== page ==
Investing in precious metals is one of the oldest ways of storing wealth and generating financial returns. Buying gold, silver, platinum, and other precious metals is still a popular activity today, thanks to the unique opportunities offered by the sector. But which are the best precious metals to trade, and why and how should you buy them?
Gold price chart – 2001 – 2023
The good news is that it is easy to open an online account with a broker and speculate on the price moves in a variety of precious metal markets. Online accounts are designed to be user-friendly and cater to all kinds of investors and traders, ranging from those applying a buy-and-hold style strategy to those looking to day trade and gain from short-term price moves. Whether you’re an experienced investor or new to the financial markets, the first task is establishing which precious metal markets you want to invest in.
What are precious metals?
The eight commonly designated as precious metals are gold, silver, platinum, palladium, iridium, osmium, rhodium, and ruthenium. They are rare, naturally occurring elements which have high economic value partly due to their scarcity but also because of their inherent chemical properties that make them the ideal raw materials to use in specific industrial production processes. The extent to which precious metals are valued as a store of wealth or a manufacturing raw material varies from metal to metal.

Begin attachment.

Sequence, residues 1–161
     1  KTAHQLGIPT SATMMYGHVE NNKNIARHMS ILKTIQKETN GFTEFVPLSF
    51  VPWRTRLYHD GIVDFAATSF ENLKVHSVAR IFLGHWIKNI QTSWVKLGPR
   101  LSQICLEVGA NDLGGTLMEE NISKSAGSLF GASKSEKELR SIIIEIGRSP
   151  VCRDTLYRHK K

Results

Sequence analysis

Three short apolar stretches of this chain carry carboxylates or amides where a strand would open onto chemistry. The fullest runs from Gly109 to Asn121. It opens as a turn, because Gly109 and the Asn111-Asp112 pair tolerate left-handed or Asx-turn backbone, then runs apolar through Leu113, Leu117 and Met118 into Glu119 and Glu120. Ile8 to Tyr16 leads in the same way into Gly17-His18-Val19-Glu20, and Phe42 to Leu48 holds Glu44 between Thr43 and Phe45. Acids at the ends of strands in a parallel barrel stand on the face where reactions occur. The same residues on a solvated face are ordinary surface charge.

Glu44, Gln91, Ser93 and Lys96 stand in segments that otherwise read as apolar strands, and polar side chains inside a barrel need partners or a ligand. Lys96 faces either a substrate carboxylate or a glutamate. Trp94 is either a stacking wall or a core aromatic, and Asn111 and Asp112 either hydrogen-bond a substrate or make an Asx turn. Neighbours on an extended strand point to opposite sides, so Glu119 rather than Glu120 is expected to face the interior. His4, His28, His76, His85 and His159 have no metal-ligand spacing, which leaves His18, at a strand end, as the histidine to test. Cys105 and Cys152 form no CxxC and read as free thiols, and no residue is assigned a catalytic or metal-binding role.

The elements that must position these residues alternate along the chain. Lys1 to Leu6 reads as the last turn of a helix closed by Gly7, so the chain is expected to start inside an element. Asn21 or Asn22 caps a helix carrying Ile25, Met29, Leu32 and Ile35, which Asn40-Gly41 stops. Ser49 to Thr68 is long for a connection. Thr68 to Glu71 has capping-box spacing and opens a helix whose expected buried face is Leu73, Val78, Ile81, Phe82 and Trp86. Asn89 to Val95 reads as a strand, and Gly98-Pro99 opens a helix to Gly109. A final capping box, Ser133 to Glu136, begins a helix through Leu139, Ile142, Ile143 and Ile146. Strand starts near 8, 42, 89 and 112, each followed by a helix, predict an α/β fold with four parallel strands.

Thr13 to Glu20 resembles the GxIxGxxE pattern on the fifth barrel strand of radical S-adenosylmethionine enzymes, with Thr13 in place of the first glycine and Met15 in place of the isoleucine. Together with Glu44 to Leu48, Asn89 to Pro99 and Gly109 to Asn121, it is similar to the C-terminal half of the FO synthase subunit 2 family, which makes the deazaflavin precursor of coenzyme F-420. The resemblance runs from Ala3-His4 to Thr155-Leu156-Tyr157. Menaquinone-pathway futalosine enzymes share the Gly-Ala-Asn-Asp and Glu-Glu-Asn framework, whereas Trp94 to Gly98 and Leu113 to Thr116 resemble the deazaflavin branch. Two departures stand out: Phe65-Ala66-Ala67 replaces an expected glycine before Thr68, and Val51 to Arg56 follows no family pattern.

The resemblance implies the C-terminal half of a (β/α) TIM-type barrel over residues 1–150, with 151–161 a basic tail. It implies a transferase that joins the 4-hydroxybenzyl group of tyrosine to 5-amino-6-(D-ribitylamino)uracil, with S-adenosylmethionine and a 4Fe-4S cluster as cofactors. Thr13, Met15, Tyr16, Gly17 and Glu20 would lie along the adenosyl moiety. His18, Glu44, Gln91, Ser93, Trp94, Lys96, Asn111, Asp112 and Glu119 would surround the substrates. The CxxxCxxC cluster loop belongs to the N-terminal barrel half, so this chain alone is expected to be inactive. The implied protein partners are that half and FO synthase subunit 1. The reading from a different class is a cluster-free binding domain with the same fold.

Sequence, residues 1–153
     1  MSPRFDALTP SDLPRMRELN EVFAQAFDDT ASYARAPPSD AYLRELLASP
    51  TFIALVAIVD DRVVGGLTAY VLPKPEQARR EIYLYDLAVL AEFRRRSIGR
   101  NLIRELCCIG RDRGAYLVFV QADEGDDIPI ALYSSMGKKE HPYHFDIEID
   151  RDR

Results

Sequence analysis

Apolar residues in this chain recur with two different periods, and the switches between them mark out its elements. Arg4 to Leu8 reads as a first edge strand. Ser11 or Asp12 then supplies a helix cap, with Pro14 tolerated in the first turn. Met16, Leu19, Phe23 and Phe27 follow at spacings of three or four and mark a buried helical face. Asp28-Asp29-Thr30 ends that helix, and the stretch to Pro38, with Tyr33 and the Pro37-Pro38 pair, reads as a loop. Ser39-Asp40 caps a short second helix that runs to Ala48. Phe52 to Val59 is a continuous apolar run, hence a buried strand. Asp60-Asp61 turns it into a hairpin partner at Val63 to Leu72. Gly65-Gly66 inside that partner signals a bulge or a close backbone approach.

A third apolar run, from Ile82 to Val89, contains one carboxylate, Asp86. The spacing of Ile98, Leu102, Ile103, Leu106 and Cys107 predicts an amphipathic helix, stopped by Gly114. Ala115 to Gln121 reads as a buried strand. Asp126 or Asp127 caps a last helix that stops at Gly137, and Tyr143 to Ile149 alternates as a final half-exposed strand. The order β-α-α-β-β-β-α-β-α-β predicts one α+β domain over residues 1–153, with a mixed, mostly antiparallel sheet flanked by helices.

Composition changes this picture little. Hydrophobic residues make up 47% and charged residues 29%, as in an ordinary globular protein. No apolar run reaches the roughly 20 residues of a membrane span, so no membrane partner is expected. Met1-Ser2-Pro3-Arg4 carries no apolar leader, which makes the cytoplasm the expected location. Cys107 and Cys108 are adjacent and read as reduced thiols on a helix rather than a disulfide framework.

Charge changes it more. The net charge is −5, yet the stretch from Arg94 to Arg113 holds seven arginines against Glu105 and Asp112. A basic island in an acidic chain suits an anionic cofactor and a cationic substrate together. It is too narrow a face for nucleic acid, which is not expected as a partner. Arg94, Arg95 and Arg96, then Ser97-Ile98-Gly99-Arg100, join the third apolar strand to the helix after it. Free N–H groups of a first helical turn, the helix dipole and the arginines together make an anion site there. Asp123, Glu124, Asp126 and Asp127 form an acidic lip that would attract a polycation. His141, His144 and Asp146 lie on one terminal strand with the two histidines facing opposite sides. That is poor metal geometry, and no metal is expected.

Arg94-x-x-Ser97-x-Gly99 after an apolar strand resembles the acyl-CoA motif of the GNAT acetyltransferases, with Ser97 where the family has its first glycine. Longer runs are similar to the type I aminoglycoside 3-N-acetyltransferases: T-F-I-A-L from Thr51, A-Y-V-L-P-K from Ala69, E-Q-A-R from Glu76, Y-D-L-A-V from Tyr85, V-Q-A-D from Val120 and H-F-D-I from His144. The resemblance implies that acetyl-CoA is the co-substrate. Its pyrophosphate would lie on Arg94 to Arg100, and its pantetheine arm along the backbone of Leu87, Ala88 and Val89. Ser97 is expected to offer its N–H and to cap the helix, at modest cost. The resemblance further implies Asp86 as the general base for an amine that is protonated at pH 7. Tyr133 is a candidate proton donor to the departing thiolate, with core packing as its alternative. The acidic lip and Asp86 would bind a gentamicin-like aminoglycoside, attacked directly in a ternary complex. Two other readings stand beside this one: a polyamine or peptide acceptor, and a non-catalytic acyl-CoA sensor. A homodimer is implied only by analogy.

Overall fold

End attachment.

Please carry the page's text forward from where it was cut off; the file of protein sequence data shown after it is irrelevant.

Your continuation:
For historical reasons, gold, in particular, is traditionally seen as a safe-haven asset, a hedge against inflation and a financial safeguard against detrimental geopolitical change. However, approximately 11% of all gold currently mined is bought by companies that use it in industrial production, with the electronics, automotive, and aerospace sectors being big buyers of the yellow metal. Like gold, platinum can also be used to make jewellery or held as an investment, but more than 41% of all platinum currently mined is used by the automotive industries. That means prices in precious metal markets can be driven by different factors.
Establishing a view on whether gold, silver, or platinum are over or undervalued can be done using fundamental and technical analysis. Fundamental analysis research focuses on real-world aspects of the supply and demand of the metals. It aims to establish fair value based on supply-side factors such as the fact that it takes years for new mines to come into production – supply is inelastic, and demand-side factors such as inflation levels, investor sentiment, and general levels of economic activity.
Technical analysis uses historical price data to try to predict market mood and which direction price will next head. It uses statistics and price charts to create trendlines and generate price indicators such as the Relative Strength Index, pinpointing times to buy and sell precious metals.
Gold price chart with RSI – 2021 – 2023
Gold is the precious metal most often used for investment purposes. It is one of the most actively traded commodities in the world thanks to its use as a means of exchange and a store of wealth.
Like other precious metals, the global price of gold is determined by trading activity on specialist exchanges. Because these are located in different time zones worldwide, gold can be traded 24 hours a day during weekdays. The three most important gold trading centres are the London OTC market, the US futures market and the Shanghai Gold Exchange (SGE). Between them, these markets account for more than 90% of global trading volumes, with smaller secondary exchanges also in operation.